A 2005 awardee, Nicole Jordan, is a second year graduate student in the Aeronautics and Astronautics/Technology and Policy program at the Massachusetts Institute of Technology. Nicole presented a talk on the "Development and Validation of a Multidisciplinary Spacesuit Model" [PDF version of Nicole's presentation (8.4 Mb PDF)] at the 44th AIAA Aerospace Sciences Meeting in Reno in January of 2006. Nicole has extensive experience in spacesuit research and an impressive academic record.
A 2004 awardee, David Harmon, was a senior double major in computer science and mathematics at Wofford College in Spartanburg, South Carolina. David attended the Society for Industrial and Applied Mathematics: Computation Science and Engineering conference in February of 2005. He presented the work he did as a summer intern at NASA's Jet Propulsion Laboratory on Maestro, a software package used to control the Mars Exploration Rovers during surface operations [PDF version of David's poster (3 Mb)]. David's application was noteworthy for its outstanding letter of support from his computer science department chair, who also had served as his professor in numerous courses. Awarding a Travel Grant to David marks the second year in a row the Soffen Fund was able to provide support to a student at a small college outside the mainstream of NASA university activities.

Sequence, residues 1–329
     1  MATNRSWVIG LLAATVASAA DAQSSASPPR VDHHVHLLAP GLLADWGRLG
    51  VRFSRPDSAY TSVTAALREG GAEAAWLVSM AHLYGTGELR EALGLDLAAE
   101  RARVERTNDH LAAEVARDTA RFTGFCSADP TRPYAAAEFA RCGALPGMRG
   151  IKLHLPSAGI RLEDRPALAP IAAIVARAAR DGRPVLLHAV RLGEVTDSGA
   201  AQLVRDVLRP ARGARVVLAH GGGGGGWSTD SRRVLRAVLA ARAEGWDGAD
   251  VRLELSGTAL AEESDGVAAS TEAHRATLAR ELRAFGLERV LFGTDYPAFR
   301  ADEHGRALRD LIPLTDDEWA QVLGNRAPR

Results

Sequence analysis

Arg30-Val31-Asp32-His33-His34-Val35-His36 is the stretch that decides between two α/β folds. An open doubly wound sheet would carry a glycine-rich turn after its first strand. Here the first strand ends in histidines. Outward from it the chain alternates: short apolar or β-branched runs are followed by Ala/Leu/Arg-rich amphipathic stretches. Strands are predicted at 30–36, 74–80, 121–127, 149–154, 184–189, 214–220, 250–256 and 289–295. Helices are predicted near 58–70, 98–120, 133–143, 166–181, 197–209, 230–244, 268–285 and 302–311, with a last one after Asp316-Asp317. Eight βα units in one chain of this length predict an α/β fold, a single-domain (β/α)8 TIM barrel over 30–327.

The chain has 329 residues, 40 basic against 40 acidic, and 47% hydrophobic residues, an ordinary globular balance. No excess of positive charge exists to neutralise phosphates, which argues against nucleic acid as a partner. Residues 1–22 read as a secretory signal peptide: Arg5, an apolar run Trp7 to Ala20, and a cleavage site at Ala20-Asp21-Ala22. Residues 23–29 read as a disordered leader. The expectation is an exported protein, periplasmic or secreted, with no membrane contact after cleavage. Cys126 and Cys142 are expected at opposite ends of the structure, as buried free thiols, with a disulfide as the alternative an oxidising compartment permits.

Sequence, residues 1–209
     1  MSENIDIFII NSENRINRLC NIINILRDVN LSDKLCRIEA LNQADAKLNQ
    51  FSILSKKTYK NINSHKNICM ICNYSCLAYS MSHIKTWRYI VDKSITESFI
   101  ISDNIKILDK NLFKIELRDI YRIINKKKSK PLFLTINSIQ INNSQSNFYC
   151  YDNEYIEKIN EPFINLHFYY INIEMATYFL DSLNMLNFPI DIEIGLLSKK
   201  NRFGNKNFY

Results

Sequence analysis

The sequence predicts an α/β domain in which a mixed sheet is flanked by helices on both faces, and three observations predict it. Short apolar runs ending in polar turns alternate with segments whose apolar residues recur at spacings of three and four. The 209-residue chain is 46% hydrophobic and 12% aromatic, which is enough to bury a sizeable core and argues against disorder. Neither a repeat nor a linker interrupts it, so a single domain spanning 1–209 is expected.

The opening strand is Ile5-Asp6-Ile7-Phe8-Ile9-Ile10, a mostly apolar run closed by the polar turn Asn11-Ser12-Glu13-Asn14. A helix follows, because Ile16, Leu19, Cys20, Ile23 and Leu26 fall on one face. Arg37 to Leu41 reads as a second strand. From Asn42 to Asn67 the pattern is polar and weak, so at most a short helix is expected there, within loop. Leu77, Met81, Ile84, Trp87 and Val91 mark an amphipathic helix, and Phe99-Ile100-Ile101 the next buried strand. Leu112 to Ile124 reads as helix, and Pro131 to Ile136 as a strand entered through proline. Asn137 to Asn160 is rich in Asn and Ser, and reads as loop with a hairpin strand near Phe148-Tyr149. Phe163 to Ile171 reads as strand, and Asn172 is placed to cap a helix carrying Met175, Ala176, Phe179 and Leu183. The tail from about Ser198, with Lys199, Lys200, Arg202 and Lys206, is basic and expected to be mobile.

A 2004 awardee, Amber Straughn, was a second year graduate student in physics and astronomy at Arizona State University in Tempe, Arizona. Amber attended the American Astronomical Society's meeting in January of 2005 to present her research on characterization of "Tadpole Galaxies in the Hubble Ultra Deep Field" Dataset [PDF version of Amber's poster (4.2 Mb PDF)]. Amber's application stood out not only for its glowing letter of support from her advisor, but by her enthusiastic essay.
The 2003 awardee, Philip A. Ashley, was a sophomore studying Physical Science at Harding University in Searcy, Arkansas. Philip presented his work on "Measurement of Diatomic Oxygen in the Exhaust Plume of a Mini-Hybrid Rocket" [PDF version of Philip's poster (463 Kb PDF)] at the American Chemical Society's 227th National Meeting in Anaheim, California.
The 2002 awardee, Kristen Bethke, was a senior studying Mechanical and Aerospace Engineering at Princeton University in Princeton, New Jersey. Kristen presented her work on "Revolutionary Concepts for Human Outer Planet Exploration (HOPE)" [PDF version of Kristen's presentation (3.2 Mb PDF)] at the Space Technology and Applications International Forum in Albuquerque, New Mexico on February 3rd, 2003. Kristen presented slides 14-26 of the presentation.